I am currently using my account's credentials to run some custom code in my SharePoint Online provider-hosted Add-in.

I am passing the credentials this way:

SecureString passWord = new SecureString();
foreach (char c in "my password here".ToCharArray()) passWord.AppendChar(c);

clientContext.Credentials = new SharePointOnlineCredentials("my login here", passWord);

This works just fine, but is there a way I could use current user's credentials instead, without hard-coding login and password?

clientContext.Credentials = ???



I've tried

clientContext.Credentials = clientContext.Web.CurrentUser.Context.Credentials;

But I get "error: (403) Forbidden" this way...

  • Check this MSDN link msdn.microsoft.com/en-us/library/office/…
    – Hardik
    Apr 11, 2016 at 11:03
  • @Hardik , this way I get "error: (401) Unauthorized"
    – Gintas K
    Apr 11, 2016 at 11:15
  • 1
    You can get your credentials from web.config so you do not need to hard-code in code behind.
    – Hardik
    Apr 11, 2016 at 11:55
  • @Hardik , I've tried it but then I get "error: (403) Forbidden"
    – Gintas K
    Apr 11, 2016 at 12:02
  • If you're using a provider-hosted add-in, why not use the SharePointContextProvider and TokenHelper classes?
    – wjervis
    Apr 11, 2016 at 12:20

3 Answers 3


I've read a few articles about the topic linked here and a bit curious no one yet has mentioned yet the Windows Credentials Manager.

This is my code to read/write from SharePoint from an application installed as Windows Service:

        NetworkCredential networkCredentials = WebCredentialMgr.GetCredential(sharePointUser);
        T result = default(T);
        using (var clientContext = new ClientContext(sharePointUri))
             if (networkCredentials != null && !string.IsNullOrEmpty(networkCredentials.UserName))
            {   // works only when stored in the 'Web Credentials' not as Windows Credentials :(
                clientContext.Credentials = new SharePointOnlineCredentials(networkCredentials.UserName, networkCredentials.SecurePassword);
            {   // default code from MSDN, does not work for SharePoint Online
                clientContext.AuthenticationMode = ClientAuthenticationMode.Default;
                clientContext.Credentials = CredentialCache.DefaultCredentials;
            result = action(clientContext);


using System.Collections.Generic;
using System.Net;
using Windows.Security.Credentials;

public static class WebCredentialMgr
    public static NetworkCredential GetCredential(string userName)
        PasswordCredential credential = GetCredentialFromLocker(userName);
        if (credential == null)
            return null;


        var networkCred = new NetworkCredential(credential.UserName, credential.Password);
        return networkCred;

    private static PasswordCredential GetCredentialFromLocker(string userName)
        PasswordCredential credential = null;
        IReadOnlyList<PasswordCredential> credentialList = null;

        var vault = new PasswordVault();
            credentialList = vault.FindAllByUserName(userName);
             // log error  
        if (credentialList == null)
            credentialList = vault.RetrieveAll();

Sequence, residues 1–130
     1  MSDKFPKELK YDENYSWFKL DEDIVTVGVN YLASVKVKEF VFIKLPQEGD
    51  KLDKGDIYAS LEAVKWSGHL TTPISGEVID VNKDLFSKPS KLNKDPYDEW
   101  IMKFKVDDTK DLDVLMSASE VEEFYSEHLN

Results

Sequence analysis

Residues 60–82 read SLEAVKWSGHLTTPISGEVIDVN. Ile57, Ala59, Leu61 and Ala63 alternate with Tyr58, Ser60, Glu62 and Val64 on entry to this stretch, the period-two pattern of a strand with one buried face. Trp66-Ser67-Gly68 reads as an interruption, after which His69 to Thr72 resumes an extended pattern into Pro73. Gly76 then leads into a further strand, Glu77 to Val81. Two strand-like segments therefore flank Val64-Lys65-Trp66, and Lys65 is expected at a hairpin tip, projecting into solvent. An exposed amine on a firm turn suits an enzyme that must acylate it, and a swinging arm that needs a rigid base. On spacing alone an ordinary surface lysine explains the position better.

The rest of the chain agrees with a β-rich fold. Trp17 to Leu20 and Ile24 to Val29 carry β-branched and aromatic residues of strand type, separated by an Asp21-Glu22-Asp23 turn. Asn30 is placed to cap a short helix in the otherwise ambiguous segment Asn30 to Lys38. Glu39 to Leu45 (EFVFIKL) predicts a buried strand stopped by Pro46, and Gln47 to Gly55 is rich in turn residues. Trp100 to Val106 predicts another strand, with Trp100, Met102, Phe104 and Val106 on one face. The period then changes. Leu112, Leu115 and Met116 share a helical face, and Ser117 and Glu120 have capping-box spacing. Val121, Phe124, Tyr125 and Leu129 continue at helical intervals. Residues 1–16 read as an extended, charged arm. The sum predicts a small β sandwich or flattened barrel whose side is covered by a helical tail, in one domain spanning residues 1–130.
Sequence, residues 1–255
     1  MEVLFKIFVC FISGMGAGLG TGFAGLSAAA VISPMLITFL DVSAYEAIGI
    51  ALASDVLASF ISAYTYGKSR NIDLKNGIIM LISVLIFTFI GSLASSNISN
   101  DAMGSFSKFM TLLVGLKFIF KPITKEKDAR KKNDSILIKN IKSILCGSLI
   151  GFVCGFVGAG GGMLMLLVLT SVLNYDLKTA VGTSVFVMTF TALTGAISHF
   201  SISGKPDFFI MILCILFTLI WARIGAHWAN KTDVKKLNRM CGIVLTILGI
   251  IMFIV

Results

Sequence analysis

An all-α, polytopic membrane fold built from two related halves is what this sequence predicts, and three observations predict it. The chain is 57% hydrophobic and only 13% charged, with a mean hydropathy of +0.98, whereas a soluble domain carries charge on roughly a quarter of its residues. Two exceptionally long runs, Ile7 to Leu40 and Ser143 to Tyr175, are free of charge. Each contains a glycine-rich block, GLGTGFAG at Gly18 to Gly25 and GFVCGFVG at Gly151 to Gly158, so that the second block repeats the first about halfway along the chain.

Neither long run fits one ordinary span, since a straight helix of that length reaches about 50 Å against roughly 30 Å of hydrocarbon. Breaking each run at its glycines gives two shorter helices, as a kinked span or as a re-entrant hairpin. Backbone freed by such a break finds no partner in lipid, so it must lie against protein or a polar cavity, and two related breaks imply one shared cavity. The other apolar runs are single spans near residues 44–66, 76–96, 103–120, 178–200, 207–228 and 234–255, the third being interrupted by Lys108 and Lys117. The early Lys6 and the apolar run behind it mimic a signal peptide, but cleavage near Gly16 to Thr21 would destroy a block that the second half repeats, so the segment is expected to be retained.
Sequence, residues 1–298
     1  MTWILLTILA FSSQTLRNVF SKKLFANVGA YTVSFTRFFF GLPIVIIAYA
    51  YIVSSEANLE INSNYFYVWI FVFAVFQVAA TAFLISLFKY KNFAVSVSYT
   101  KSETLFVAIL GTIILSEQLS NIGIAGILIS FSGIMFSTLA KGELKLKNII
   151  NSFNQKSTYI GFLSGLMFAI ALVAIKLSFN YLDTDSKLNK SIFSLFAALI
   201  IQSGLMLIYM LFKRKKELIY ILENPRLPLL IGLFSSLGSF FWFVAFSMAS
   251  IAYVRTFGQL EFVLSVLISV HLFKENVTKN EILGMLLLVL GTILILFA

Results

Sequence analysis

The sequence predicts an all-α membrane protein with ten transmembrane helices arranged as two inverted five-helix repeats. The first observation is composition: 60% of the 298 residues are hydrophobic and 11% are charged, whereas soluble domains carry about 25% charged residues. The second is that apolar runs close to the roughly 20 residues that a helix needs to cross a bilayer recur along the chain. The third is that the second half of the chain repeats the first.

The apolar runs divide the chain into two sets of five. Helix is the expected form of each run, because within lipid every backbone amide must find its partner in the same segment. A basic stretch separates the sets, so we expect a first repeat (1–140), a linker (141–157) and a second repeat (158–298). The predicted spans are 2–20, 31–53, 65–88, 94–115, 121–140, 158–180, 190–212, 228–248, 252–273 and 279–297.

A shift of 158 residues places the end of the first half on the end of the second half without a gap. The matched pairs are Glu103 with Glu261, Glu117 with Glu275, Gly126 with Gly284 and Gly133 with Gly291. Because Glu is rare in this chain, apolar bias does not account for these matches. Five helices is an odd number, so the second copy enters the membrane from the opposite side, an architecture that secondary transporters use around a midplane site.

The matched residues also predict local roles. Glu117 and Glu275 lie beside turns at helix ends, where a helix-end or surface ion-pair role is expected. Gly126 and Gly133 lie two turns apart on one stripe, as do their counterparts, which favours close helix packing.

if (credentialList != null && credentialList.Count > 0)
            if (credentialList.Count == 1)
                credential = credentialList[0];
                // manage issue when multiple user names
        return credential;

Log once in your SharePoint site with the wished credentials, and let Internet Explorer remember your password: it will be saved into Windows Web Credentials. And using the code above, you can simply read it from your program.

  • This almost worked for me... But I eventually got Microsoft.SharePoint.Client.IdcrlException: 'The partner returned a bad sign-in name or password error. For more information, see Federation Error-handling Scenarios.' I suppose this doesn't work in 2-factor auth scenarios.
    – Jonathan
    Jun 26, 2017 at 11:16
  • not able to find Windows.Security.Credentials, any help?
    – Anil Pal
    Aug 2, 2018 at 12:14

The only tricky part for accessing SharePoint Online from the Client Object Model will be the authentication. There is no direct method of authenticating with SharePoint Online from the CSOM so Microsoft has released a work around.

You can find the details and code here: http://blogs.msdn.com/b/cjohnson/archive/2011/05/03/authentication-with-sharepoint-online-and-the-client-side-object-model.aspx

So what it basically does is:

  1. Opens up a browser Instance
  2. Authenticates with the browser
  3. Grabs the authentication cookie and passes it to the Client Object Model.

The rest of the tasks should be quite straight forward. You can find many code samples here: http://msdn.microsoft.com/en-us/library/ee537013.aspx

UPDATE: You this technique to allow the authentication to happen without a human running the console app: http://blogs.msdn.com/b/cjohnson/archive/2011/05/14/part-2-headless-authentication-with-sharepoint-online-and-the-client-side-object-model.aspx

  • As you can see in my question, I have the working code. I don't want to hard-code credentials anywhere. I need to use current user's credentials as the add-in will be used by other people as well.
    – Gintas K
    Apr 11, 2016 at 12:13
  • Please check this vrdmn.com/2013/01/…
    – Hardik
    Apr 11, 2016 at 12:23
  • yes, I use this code at the moment, but I don't want ANY hard-coded credentials in my code
    – Gintas K
    Apr 11, 2016 at 12:31
  • Please find my updated answer.
    – Hardik
    Apr 11, 2016 at 12:43
  • Hello Gintas, Is that working for you?
    – Hardik
    Apr 12, 2016 at 10:27

The recommended solution from Microsoft for a service application is however via a dedicated token for that app via a x509 certificate: https://msdn.microsoft.com/en-us/office/office365/howto/building-service-apps-in-office-365

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